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Today Schumy got a new home!
Ready for the BIG Question?
Today Schumy got a new home!
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How safe is your workplace Kimi? Psychologically that is!

When you hear the word ‘safety’ you probably think physical safety – hard hats, protective clothing and so on. However, attention has increasingly turned to another form of safety in organizations and teams – one that is psychological, as opposed to physical.

There is a growing body of research revealing an important, but unlikely, psychological driver of performance.  This newly discovered and much publicised (1) performance driver is called psychological safety and it influences performance at all levels; organization, individual and team.
Amy Edmondson, Novartis Professor of Leadership at Harvard Business School, described psychological safety as ‘a climate in which people feel free to express relevant thoughts and feelings without fear of being penalized'(2).
If you are familiar with the Pitstop Meta-model of performance, you will know that this is captured under Trust & Respect as one of the dynamics shown at the bottom of the model.  That is fitting because if you are going to work as part of a team (and a pit team in particular) you have to feel safe – you have to trust the driver.  Well, It all came to life in last weekend's race in Bahrain, where the Kimi Raikkonen drove over the leg of one of his pit team as he accelerated out of the pitlane (see it on the BBC here:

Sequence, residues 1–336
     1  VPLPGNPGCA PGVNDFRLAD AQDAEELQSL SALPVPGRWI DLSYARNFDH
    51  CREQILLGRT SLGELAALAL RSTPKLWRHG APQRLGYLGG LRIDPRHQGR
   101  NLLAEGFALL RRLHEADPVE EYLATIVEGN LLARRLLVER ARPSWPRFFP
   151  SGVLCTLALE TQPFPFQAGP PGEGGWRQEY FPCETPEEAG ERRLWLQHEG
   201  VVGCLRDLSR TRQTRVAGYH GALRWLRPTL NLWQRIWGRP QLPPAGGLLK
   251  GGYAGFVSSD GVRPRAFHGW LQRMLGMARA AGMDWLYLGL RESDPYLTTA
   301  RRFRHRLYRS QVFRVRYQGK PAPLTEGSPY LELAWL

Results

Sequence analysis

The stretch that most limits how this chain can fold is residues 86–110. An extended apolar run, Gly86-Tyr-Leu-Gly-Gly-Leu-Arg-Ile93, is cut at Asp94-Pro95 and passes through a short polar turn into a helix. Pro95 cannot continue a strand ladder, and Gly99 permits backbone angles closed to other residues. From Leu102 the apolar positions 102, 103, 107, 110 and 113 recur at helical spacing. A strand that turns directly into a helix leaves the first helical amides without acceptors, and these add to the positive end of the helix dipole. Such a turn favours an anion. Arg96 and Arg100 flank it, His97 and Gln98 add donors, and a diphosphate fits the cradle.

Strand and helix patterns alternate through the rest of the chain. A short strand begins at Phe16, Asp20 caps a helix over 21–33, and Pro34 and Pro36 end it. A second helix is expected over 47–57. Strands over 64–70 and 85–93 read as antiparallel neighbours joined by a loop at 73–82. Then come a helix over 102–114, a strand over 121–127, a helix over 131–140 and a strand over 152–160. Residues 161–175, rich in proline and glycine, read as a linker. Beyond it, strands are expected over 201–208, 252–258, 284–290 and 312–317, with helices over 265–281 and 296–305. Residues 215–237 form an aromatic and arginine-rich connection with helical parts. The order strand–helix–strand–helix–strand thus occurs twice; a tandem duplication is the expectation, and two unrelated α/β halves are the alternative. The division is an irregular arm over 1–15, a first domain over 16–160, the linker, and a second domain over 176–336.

Hopefully, as you enter the leader suite today you can be sure of being safe!


Interested or Curious?  Visit us or download a free section of our exciting new book ‘Pitstop to Perform™' at this link:


1 Organizations such as Goolge™ have identified psychological safety as a key factor in team and individual performance and it has been written about everywhere from the New York Times to the Harvard Business Review.   See for example: Charles Duhigg, ‘What Google Learned From Its Quest to Build the Perfect Team’, New York Times Magazine, Feb. 25th 2016.

2 Amy C. Edmondson, ‘The Competitive Imperative of Learning’, HBR JULY–AUGUST 2008.



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